I ask of you, esteemed senators, your thoughts on this.


Speech in the Lesser Council

Consiliariis,
We have the defence of our city at heart, and while external threats have been minimal to say the least, internal ones have perhaps multiplied. The Eternal City cannot afford constant riots. It would not be seen with a good eye; a great city, at the crossroad between economic powerhouses, where its own population gives itself to infighting and chaos. Order needs to be reestablished and preserved.

I propose a law be presented before the Senate that will make rioting less attractive an option for those discontented. Obviously, the Roman people is known for its fierce riots and opposition to those who hold power, and some here might think coming forward with such an idea is futile. We have to start somewhere is what my reply is to such defeatist sentiment.

Perhaps the simple creation of a peacekeeping force will be enough to dissuade rioters?
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« Reply #836 on: November 12, 2012, 09:59:56 AM »

Letter to Shabbethai ben Moses

Greetings,
I recently received with most heartfelt compassion your letter in the Senate. Obviously, the Almohad regime in Africa is case for concern if what you say is true. I can only hope that Christians and Jews alike be spared further atrocities.

I have no objections as to your families and friends coming over to the Eternal City should they wish a safe haven from the repression of the Almohads. I am sure they can also contribute to Rome's prosperity.

With Hope,
Hugo De Vinti, Consul of the Interior
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« Reply #837 on: November 12, 2012, 11:20:05 AM »

>>Perhaps the simple creation of a peacekeeping force will be enough to dissuade rioters?

OOC: I'm fairly sure we already have a peacekeeping force, unless it was disbanded? I seem to recall that Basile and Calafactus set one up in the early game; the drawback was tha the force usually was ineffective and was not too motivated to stop trouble. are you suggesting to fund that one more?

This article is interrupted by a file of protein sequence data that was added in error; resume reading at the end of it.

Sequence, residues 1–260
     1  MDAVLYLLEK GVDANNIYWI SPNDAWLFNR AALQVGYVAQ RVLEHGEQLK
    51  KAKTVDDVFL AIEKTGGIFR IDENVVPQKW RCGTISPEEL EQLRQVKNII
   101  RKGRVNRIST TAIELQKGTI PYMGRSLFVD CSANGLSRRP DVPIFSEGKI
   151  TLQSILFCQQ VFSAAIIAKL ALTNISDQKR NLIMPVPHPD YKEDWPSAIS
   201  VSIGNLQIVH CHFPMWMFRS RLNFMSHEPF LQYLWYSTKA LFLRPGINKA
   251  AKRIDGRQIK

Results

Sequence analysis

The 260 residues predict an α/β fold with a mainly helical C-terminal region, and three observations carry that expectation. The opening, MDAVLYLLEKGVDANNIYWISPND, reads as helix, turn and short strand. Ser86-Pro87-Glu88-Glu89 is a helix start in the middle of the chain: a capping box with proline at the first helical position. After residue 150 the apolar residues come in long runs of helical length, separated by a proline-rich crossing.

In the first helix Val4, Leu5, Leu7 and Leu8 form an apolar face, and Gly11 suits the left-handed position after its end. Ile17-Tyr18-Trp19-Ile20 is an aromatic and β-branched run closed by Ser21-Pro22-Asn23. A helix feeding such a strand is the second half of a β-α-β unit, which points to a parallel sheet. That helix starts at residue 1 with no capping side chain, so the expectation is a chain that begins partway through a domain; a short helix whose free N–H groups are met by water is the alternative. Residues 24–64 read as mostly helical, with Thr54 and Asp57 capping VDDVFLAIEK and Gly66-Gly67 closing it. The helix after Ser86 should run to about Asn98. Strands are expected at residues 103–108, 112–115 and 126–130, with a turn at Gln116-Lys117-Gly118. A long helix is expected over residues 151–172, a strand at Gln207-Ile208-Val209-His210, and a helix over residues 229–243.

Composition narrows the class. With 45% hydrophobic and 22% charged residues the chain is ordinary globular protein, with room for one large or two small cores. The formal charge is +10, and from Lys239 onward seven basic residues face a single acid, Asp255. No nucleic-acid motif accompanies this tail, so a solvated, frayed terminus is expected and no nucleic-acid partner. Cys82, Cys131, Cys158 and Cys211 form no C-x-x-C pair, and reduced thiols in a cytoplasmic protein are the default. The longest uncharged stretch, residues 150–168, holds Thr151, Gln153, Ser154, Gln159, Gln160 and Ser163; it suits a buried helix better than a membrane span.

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« Reply #838 on: November 12, 2012, 12:37:37 PM »

LD

OOC: I'm fairly sure we already have a peacekeeping force, unless it was disbanded? I seem to recall that Basile and Calafactus set one up in the early game; the drawback was tha the force usually was ineffective and was not too motivated to stop trouble. are you suggesting to fund that one more?

Yes we had, yes it was and yes it was Basile who formed the force. It was only ineffective because they weren't motivated. They weren't motivated because they were mercenaries, thus they didn't have a feel of belonging. When the going got tough they fled like cowards and believe me if Hugo finds them he will put them to death if possible.

Now, OBVIOUSLY I don't want the same problem happening, but the truth is that we need a peacekeeping force to limit the riots because it's just crazy.
So we can put in place incentives so that individuals within the force are more motivated, and also pick these individuals not among mercenary groups but from the popolo so the sense of belonging  (nationalism) is there.

I have a plan as to how to organize this force, but unless there is discussion about the matter I will keep it to myself and act as I wish with it.
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« Reply #839 on: November 12, 2012, 01:38:02 PM »

Lesser Council

What is this peacekeeping force that the Consul speaks of? The Senate has had the experience of a peacekeeping force before. Does the Consul plan to re-form the force? I could support such an action, but the members of this force must be disciplined and they must perform properly in the face of a riot and they must serve the entire city instead of just one borough. Does Consul de Vinti wish to elaborate, or does he leave the matter to our Consul of the Interior, as this peacekeeping force seems to be a matter for internal governance rather than foreign affairs?

OOC: okay, I will move discussion to In character talk; I wanted to make sure first if you as a player had remembered Basile's previous force, since I believe he started it before you joined the game.